For Glory and Glorification: Part 2
November 18, 2019
by David Ward, DDS
“Everyone who is called by name, whom I created for my glory, whom I formed and made” (Isaiah 43:7, NIV 1984).
In Part 1 of this blog series, a search for the meaning of life was presented. That was due to observations of recent events suggesting a concern for humanity’s appreciation for life. In that search, a scientific basis for the meaning of life was presented, but then it was argued to be self-limiting. In contrast, a Christian worldview was presented, and a clearer meaning for why God created us was introduced. Simply, God created us for His glory. As I mentioned in Part 1, being informed that our existence is for some known or unknown God’s glory may instill negative emotions. However, the purpose of this blog is to grow in greater understanding of what it means to be created for God’s glory. To better understand that meaning, let us first look at the biblical meaning of the word “glory.”
In the above verse of Isaiah 43:7, and according to Strong’s Concordance, the Hebrew word for glory is Kabod or Kabowd. To preface the following, I am relying on biblical commentaries to help understand the meaning of the word. Therefore, my understanding of the word is likely to be less than accurate when compared to a native speaker or a Hebrew scholar. However, I am a great fan of etymology (i.e. the study of the root meaning of words). This was an exceptionally beneficial teaching modality while serving as a gross anatomy instructor. According to Strong’s Concordance, the root meaning of kabod is heavy or weightiness. Where it becomes difficult to truly understand its meaning is when we learn of the different usages and versatility. A good resource to better understand that is through the writings of Dr. Jim McClure. As he explains, Kabod has several different meanings, including a reference to the liver. For that reason, the literal translation is most beneficial for this blog.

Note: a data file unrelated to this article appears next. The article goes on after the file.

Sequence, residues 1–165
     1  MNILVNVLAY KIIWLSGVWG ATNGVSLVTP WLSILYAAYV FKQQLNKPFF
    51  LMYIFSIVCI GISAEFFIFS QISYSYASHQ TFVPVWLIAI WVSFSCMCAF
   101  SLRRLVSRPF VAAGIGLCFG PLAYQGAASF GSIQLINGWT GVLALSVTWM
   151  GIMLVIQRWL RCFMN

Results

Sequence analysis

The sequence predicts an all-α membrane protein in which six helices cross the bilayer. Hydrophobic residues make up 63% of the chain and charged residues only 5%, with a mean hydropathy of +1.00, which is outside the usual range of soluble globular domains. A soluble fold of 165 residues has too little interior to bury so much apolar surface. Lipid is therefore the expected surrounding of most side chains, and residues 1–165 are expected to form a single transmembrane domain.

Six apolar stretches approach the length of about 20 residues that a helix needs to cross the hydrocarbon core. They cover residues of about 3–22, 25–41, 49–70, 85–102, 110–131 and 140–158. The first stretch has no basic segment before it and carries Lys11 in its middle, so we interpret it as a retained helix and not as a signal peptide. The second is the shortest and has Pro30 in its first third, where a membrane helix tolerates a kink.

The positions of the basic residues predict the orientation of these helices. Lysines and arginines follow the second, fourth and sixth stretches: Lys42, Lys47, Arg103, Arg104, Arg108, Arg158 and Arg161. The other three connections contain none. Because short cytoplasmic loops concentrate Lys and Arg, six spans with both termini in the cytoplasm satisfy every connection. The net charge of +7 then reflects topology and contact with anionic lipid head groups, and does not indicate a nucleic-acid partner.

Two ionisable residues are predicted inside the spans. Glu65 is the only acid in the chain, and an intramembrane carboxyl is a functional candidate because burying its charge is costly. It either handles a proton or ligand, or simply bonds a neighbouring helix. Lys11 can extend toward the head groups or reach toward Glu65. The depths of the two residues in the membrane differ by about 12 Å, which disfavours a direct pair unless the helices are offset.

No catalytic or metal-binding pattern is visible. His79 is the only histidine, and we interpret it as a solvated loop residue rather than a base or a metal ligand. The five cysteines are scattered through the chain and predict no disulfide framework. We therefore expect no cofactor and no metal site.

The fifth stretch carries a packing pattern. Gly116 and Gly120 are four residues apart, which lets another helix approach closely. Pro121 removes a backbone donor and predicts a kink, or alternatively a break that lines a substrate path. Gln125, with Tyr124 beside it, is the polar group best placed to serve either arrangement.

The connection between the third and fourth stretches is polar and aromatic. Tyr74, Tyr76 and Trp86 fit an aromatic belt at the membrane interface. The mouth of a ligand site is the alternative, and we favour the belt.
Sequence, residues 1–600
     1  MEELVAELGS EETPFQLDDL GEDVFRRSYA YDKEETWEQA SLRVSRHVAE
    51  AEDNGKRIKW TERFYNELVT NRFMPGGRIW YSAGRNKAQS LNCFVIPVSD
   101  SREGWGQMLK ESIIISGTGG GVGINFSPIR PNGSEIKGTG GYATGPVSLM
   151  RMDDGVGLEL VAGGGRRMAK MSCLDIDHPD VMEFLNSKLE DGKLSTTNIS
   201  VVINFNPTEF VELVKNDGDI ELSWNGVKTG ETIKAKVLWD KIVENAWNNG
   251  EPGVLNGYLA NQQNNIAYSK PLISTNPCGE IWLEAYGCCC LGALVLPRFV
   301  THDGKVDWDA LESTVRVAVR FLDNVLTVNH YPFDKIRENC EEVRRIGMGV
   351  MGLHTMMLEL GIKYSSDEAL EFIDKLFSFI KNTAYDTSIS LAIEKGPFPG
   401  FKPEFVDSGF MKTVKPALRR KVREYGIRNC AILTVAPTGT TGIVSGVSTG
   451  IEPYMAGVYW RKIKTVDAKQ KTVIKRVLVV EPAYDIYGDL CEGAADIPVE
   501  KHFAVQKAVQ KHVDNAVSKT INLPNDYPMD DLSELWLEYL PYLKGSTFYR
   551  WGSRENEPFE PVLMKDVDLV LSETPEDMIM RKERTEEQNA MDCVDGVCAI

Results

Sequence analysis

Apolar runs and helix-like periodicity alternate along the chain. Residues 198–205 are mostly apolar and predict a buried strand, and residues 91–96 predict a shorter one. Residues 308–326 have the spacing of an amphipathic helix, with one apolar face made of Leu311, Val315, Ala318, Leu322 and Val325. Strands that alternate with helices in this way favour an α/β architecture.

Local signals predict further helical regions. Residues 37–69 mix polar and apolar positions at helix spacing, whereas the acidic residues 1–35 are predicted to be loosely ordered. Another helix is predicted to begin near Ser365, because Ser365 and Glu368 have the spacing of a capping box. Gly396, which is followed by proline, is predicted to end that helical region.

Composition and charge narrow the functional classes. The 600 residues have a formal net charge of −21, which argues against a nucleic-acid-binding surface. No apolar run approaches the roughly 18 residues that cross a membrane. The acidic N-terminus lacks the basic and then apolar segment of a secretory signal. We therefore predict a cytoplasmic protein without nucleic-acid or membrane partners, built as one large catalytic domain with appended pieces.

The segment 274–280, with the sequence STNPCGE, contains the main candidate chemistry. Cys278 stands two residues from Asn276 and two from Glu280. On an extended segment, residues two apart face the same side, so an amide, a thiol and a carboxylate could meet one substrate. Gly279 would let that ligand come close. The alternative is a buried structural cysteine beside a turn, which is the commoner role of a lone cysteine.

That literal translation of kabod (i.e. weight or heaviness) resonated in me the many times God stated, in one word or another, the phrase, “Then you shall know that I am God.” For example, when God brought His people out of Egypt, He told them, “…Then you will know that I am the Lord your God, who brought you out from under the yoke of the Egyptians” (Exodus 6:7, NIV 1984). When taking into account the fullness of that meaning, we can appreciate the great power and meticulous planning God demonstrated when He brought His people out of Egypt. Everything from the relocation of Jacob’s family to the parting of the Red Sea. It is an incredible account of our Mighty God, and our awe of God’s role in that story is what brings Him glory. Those types of verses have a relative contextual meaning, as do other verses that use the word glory such as, “The heavens declare the glory of God…” (Psalm 19:1, NIV 1984). In our current understanding of the “heavens” today, to know that our God created this vast and complex universe, it should again instill the same awe and wonder; it brings Him glory. Collectively, God reveals Himself over and over again through His mighty works. These works give us greater knowledge, love, admiration, etc. of Him. Therefore, in turn, with this greater knowledge through His works and revelation, He is bringing Himself glory. Moreover, as described in Isaiah 43:7, we are a part of His mighty works and this revelation brings Him glory. What is more, to know the magnitude of the works that bring God glory will inevitably lead to God’s glorification. In other words, it will lead to worship. These topics will be discussed in Part 3.